Today sees the official release of the BIM Toolkit by RIBAe, a great tool indeed and one that will no doubt see people airing their opinions – so let me start that off with my own!
It’s great, but implementing it may be a challenge – and when I say implementing it, I mean the calculations people will do in their heads as soon as we describe what it is… the instant conclusion will be that it’s an unnecessary overhead. This, as you can imagine is a short-sighted view but one that many thousands or ‘ordinary’ project delivery staff will have. With a sensible approach to use of the tool, we can persuade people to use it and it will soon become and essential project resource for all involved.
A little background…
The toolkit has been developed with InnovateUK funding (in addition to significant RIBAe funding) for the UK government to fulfil two of the XNo. ‘pillars’ of Level 2 BIM. What the tool does is formalise a way of asking for specific information at each stage and to do so in both geometry and information terms.
An online portal for key project information for all team members to access – this will (hopefully) ensure all parties are working with consistent information.
Same as above only for team information along the way. People can be added as they join the team at various work stages.
OK too much opinion to squeeze into this little blog post, but needless to say that a classification system (Uniclass 2015) is included that will allow mapping from this classification system to another for whatever, whoever to use.
Level of Definition
Another biggie, but one I am going to expand upon here because I think it puts us (the UK) in an enviable position in the global setting. All previous guides to LOD have either been too generic (PAS1192:2), mapped directly to work stages so don’t embrace LEAN methodology (yep PAS 1192:2 again) or focus on geometry rather than data/ information (AIA-E202 / BIMForum LOD Spec).
What we have with the BIMToolkit is something that splits Level of Detail (LOD) from Level of Information (LOI) – combining these gives overall Level of Definition (LOD, confusingly…). To my knowledge, this is the first time this has been attempted and it’s a welcome move from my point of view – my MEP colleagues in particular are over the moon!
This will make a real difference for me in determining resources, fees and programme and understanding what it is that the client needs at each key stage (which may not necessarily align with CIC work stages- client funding / development gateways are equally as important). It’ll be documented for all to see rather than relying on assumptions and educated guesswork.
Whilst I’m writing about this, it’s worth reiterating that LOD does not determine what is contained within a model, but rather ‘what can be relied upon’ – please remember this!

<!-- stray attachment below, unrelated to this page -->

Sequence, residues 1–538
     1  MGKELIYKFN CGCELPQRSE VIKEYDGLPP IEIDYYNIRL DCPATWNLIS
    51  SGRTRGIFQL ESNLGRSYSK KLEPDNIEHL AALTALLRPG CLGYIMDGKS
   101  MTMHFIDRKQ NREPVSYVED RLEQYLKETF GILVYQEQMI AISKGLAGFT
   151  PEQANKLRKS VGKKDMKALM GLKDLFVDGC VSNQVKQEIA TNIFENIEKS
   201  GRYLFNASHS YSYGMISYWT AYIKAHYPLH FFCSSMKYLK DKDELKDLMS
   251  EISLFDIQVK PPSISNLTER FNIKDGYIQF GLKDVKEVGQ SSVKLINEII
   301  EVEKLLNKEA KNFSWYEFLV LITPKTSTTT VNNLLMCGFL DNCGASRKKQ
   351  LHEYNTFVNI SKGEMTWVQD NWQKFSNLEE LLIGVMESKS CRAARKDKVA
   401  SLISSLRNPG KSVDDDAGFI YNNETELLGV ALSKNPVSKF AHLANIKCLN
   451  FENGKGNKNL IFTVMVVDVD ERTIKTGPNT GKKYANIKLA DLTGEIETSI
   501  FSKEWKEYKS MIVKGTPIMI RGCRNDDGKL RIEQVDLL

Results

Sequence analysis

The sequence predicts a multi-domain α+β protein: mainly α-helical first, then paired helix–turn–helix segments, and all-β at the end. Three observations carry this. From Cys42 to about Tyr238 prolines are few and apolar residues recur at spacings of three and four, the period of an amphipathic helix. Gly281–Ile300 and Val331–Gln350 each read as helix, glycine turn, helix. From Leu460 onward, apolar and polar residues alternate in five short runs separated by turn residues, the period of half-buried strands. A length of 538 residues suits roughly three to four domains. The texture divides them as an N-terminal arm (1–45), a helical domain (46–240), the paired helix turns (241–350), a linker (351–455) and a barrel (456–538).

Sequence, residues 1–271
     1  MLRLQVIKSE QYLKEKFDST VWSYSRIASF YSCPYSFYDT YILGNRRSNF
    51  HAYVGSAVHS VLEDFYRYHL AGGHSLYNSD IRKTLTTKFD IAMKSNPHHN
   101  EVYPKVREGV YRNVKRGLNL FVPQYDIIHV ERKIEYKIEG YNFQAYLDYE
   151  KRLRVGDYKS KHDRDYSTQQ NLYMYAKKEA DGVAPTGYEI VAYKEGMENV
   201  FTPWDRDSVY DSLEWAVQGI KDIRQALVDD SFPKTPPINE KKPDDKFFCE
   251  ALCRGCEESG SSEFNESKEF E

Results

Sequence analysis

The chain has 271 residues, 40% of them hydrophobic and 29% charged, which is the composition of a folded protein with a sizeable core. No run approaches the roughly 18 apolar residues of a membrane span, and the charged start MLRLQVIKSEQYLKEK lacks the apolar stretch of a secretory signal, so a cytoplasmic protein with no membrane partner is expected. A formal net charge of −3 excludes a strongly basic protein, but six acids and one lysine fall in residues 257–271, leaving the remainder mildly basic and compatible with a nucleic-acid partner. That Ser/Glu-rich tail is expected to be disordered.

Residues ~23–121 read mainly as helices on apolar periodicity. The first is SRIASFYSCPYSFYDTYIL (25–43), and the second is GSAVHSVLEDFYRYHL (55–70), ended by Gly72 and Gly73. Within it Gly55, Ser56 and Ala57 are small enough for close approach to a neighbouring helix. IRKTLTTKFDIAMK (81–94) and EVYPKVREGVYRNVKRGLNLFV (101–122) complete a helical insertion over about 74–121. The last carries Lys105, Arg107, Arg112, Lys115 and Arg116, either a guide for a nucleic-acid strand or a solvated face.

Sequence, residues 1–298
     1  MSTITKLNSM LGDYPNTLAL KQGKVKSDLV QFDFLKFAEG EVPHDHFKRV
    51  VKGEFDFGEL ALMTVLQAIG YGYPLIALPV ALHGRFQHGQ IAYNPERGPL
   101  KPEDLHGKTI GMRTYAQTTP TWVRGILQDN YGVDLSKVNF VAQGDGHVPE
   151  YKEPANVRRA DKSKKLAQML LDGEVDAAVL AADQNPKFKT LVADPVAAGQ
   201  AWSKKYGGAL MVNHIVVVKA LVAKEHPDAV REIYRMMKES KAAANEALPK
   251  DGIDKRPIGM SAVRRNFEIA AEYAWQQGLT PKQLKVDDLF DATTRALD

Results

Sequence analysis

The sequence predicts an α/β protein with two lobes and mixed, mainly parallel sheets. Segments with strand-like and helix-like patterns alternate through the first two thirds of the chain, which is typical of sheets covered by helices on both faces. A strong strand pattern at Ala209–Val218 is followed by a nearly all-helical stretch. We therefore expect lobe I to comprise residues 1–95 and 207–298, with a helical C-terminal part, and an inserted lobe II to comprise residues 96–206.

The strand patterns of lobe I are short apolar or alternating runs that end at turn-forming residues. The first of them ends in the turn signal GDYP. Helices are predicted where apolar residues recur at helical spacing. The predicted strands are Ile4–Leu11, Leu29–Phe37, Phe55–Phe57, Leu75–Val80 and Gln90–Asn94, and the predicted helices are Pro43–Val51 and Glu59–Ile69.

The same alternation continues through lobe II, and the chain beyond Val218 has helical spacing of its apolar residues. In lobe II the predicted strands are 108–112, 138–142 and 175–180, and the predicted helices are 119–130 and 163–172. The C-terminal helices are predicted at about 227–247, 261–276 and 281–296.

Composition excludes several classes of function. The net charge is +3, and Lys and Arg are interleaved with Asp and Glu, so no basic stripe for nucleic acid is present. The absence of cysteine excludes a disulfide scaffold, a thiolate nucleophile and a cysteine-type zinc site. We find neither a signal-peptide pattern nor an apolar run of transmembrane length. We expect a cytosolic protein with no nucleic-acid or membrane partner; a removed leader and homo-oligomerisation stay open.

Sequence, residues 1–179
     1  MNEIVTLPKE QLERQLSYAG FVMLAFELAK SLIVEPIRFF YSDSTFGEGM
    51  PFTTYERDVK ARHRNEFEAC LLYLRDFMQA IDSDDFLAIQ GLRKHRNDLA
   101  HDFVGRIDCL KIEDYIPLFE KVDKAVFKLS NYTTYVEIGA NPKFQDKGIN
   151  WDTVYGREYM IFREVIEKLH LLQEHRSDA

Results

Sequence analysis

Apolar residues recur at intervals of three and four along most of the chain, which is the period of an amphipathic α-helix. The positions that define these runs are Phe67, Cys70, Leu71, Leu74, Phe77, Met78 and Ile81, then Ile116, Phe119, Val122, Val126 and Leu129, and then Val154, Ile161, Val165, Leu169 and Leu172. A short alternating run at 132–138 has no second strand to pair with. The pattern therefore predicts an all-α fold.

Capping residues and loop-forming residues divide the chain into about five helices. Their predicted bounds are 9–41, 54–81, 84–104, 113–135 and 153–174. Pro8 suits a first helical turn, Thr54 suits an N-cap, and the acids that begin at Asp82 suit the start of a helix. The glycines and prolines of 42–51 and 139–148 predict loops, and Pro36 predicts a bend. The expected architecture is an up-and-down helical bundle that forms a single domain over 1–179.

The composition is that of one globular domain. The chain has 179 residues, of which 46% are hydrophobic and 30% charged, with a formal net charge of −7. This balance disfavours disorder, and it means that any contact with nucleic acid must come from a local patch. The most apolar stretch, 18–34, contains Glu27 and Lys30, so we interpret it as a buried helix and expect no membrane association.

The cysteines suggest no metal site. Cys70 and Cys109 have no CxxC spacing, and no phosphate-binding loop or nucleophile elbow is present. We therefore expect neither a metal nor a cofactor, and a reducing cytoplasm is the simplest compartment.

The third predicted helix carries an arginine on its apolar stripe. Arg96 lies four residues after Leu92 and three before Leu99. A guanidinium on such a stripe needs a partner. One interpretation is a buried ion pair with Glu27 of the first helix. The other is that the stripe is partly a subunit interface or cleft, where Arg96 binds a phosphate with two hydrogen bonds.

So, back to that calculation…
Now we have an understanding of what the toolkit has to achieve, let’s take the following numbers into consideration:
The sharp readers among you would have done the calculation already and figured that there are are (if we are to fully embrace LEAN thinking) over 200,000 decisions (201,600 using the number above) to make prior to any work being undertaken.
Obviously this is presentation of stats to make a point, but acknowledging this now and heading off any future issues HAS to be a good thing…
In a traditional (non BIM) process, these decisions would have been made or assumed anyway; all we’re asking people to do now is document them at the beginning of the project so everyone knows what they’re doing and when.
By considering what is needed at the outset and recording it in a consistent way, Clients are producing a LEAN, project-focussed, specific set of information requirements that are used to answer Plain Language Questions at stages throughout the project duration.
You’ll note above that I wrote “Clients are producing” – there’s a good reason for this; in an ideal world the Client and their commercial team would sit and consider, from the beginning what they need, when they need it and who is responsible for delivering it. This can be a fairly broad approach or a much more granular one- I’ll leave you to consider which brings more benefit and reduces risk. In my opinion (shared by my Arup Project & Programme Management colleagues), the Project Managers are best placed to provide a guidance service to the Client. They are appointed at the right time, are in possession of the relevant information, have direct contact with the Client and are aware of the commercial and economic aspects of the project. They may not have the required BIM knowledge, skills or experience yet but it’s sure easier to train them in BIM terms, than it is to train BIM software folk in the finer aspects of true Project Management. I’m happy to be challenged on this, so I’m throwing it out there!
One output of this is essentially a core part of the CIC BIM Protocol and Employer’s Information Requirements – a Model Production Delivery Table (MPDT). This tool is a way of producing a unified, structured document in the same vein as NBS did with specification, it will become a familiar format that people understand. I hope. It will enable automated checking of models and the required info (although how this works for geometry is yet to be demonstrated), it will become a vital tool in checking for completeness and ‘validation’. The potential is enormous in having actionable data to measure against.
In summary, I’ve been an Architect long enough now to know that this isn’t ‘an ideal world’ and that sometimes things need to change and evolve to deliver a project but from my point of view starting with ‘the optimum process’ HAS to be the best approach – how else are we going to improve our industry?…